Fuel-cell tech fund grab
05 December 2014
Fleets are using multiple sources to help bring down the purchase price of new hydrogen cars to an acceptable level.
Firms can attract money from London Hydrogen Network Expansion Project (LHNE), Clean Transport In European Cities (HyTEC), Hydrogen for Innovative Vehicles (HyFive) as well as the £5000 plug-in car grant, which hydrogen cars also qualify for.
The combination of funds from one project and the plug-in car grant can reduce the cost of a hydrogen car down to around £55,000.
Hyundai was the first manufacturer to launch a production hydrogen car in the UK with its ix35 in October this year. However, the technology has been limited to a global production of 1000 cars and pricing is not
being discussed publicly.
Air Products, ITM Power, Johnson Matthey and Transport for London have all used funds from the programmes to fund their fuel-cell ix35s.
Hyundai is using the hydrogen fuel-cell ix35s as an example of its technological prowess, rather than a mainstream volume model.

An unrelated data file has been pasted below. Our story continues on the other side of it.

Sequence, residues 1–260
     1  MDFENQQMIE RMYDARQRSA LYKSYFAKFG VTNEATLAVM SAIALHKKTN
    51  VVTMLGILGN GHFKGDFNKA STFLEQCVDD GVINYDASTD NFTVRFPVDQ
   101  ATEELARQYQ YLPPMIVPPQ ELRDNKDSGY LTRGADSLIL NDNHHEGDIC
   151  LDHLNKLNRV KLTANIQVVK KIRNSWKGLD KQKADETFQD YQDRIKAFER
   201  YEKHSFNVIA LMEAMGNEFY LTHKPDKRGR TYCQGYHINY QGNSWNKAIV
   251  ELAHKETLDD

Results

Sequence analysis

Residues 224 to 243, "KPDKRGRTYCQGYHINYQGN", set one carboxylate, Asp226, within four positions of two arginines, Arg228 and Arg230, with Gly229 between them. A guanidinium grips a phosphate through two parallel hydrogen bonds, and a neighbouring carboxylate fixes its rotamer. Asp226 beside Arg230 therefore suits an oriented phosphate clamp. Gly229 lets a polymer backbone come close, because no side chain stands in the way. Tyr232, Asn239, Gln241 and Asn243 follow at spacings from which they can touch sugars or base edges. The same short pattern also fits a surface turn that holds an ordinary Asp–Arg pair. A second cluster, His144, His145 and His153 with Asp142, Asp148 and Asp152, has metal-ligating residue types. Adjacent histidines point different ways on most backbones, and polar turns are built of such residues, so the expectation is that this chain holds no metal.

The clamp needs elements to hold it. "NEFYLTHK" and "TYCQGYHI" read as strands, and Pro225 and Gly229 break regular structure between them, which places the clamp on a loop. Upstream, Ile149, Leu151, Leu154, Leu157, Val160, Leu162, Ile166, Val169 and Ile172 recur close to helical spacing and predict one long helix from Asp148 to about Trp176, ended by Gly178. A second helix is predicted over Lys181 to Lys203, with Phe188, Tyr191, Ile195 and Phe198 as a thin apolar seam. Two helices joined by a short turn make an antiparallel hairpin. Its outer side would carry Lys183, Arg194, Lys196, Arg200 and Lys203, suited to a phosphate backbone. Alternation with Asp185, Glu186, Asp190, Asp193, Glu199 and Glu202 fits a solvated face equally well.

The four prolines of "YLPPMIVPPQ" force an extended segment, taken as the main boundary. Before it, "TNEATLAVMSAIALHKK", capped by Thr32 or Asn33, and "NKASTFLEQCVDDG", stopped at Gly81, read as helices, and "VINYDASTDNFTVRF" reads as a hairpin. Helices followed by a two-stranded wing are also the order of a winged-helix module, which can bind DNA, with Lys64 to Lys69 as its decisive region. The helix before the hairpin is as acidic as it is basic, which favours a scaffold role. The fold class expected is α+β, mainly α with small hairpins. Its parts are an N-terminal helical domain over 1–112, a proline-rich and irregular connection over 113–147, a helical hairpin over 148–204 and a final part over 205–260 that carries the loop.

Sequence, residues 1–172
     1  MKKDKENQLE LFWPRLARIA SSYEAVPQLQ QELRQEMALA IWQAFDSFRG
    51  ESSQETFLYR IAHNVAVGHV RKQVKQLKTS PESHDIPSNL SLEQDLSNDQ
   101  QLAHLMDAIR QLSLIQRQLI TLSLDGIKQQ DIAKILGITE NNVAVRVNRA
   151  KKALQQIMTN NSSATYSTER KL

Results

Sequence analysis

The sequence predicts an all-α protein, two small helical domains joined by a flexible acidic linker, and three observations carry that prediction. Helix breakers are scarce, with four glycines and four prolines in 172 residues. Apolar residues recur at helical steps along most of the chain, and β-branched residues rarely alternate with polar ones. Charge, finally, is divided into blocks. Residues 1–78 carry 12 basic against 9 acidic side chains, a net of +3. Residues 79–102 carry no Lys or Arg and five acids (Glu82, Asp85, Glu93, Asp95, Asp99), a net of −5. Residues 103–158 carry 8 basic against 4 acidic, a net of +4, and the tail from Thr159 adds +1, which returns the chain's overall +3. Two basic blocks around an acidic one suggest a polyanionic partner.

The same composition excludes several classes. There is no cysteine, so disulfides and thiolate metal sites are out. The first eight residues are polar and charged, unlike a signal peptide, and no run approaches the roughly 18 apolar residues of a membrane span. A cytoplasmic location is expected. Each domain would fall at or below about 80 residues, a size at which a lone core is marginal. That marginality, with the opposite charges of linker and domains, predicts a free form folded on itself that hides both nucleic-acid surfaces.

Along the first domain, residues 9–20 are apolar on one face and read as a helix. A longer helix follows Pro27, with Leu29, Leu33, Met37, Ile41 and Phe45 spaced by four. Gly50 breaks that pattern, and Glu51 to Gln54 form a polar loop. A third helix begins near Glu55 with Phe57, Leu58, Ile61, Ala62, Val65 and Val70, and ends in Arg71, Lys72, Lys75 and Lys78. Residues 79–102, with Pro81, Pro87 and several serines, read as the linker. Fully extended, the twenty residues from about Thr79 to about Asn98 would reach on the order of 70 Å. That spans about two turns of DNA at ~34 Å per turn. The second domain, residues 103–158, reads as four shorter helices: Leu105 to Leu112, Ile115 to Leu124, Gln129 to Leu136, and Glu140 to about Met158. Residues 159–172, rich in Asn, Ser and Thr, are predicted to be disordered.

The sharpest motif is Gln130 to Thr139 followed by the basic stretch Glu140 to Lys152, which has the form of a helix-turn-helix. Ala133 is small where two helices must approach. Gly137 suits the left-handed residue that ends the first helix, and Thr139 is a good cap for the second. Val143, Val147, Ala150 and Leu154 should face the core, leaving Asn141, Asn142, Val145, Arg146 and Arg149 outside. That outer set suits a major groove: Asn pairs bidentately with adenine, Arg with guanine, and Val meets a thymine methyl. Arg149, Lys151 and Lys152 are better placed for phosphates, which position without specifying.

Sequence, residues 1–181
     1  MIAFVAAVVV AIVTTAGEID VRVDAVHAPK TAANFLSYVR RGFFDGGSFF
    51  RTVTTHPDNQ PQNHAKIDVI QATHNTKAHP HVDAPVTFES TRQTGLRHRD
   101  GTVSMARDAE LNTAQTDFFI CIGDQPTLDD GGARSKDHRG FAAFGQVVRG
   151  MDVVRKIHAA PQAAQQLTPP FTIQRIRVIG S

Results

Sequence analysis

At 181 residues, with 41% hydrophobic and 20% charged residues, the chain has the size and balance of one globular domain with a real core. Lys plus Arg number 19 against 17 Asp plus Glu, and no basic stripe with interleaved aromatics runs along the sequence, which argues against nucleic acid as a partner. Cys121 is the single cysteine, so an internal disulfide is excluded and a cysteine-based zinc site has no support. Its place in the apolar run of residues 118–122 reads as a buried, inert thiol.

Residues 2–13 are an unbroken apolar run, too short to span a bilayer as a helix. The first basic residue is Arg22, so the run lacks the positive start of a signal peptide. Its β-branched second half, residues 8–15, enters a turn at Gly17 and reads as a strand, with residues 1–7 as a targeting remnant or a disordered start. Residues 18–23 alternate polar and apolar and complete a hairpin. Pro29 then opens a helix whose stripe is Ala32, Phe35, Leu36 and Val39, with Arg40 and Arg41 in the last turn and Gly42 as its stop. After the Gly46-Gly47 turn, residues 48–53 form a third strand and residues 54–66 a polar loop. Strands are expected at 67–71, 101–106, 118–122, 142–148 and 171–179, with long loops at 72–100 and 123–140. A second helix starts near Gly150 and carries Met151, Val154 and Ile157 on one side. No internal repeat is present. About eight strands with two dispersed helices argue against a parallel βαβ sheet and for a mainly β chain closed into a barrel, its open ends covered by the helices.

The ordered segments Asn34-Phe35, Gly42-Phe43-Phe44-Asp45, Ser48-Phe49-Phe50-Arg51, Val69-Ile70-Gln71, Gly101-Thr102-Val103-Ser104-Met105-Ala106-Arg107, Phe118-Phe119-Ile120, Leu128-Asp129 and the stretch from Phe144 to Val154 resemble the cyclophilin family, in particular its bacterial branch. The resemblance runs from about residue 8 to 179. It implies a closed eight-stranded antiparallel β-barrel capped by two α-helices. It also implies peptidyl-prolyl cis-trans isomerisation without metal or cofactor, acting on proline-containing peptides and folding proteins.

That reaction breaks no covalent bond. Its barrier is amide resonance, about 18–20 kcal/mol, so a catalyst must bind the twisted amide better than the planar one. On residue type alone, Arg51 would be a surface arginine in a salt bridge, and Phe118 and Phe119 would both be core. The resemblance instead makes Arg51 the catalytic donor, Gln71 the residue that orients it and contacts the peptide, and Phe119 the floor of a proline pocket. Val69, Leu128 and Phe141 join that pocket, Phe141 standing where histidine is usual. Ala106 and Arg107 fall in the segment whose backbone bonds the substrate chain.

Robin Hayles, Hyundai UK sustainable fuel development manager, told BusinessCar: "We do not expect this vehicle to be a mass market proposition and therefore we don't want to give the impression that the vehicles will always be priced at a premium as this will not be the case for the next generation of vehicles, which will be priced considerably lower."
Hayles said Hyundai would reveal pricing when a more robust hydrogen infrastructure was in place in the UK.
Honda and Toyota have both revealed intentions to launch production hydrogen cars. Toyota will be first with its Mirai while Honda's FCV is due in 2016.
The Government revealed in October that it is injecting £11 million to support hydrogen transport in the UK in order to expand the nationwide hydrogen refuelling station network and is expecting to have 15 public stations open before the end of this year. There are further plans to expand the network to 65 filling stations.
Of the £11m fund, £2.5m will go to public sector fleets to encourage adoption of around 40 fuel-cell vehicles in major cities.
"By 2040, all new cars and vans will be ultra low-emission vehicles and this could be delivered by a variety of technologies, including plug-in hybrids, pure EVs and hydrogen," said transport minister Baroness Kramer.
"We want to ensure that support is there for all of these vehicles and that the UK continues to lead the pack in providing the right infrastructure to drive the switch."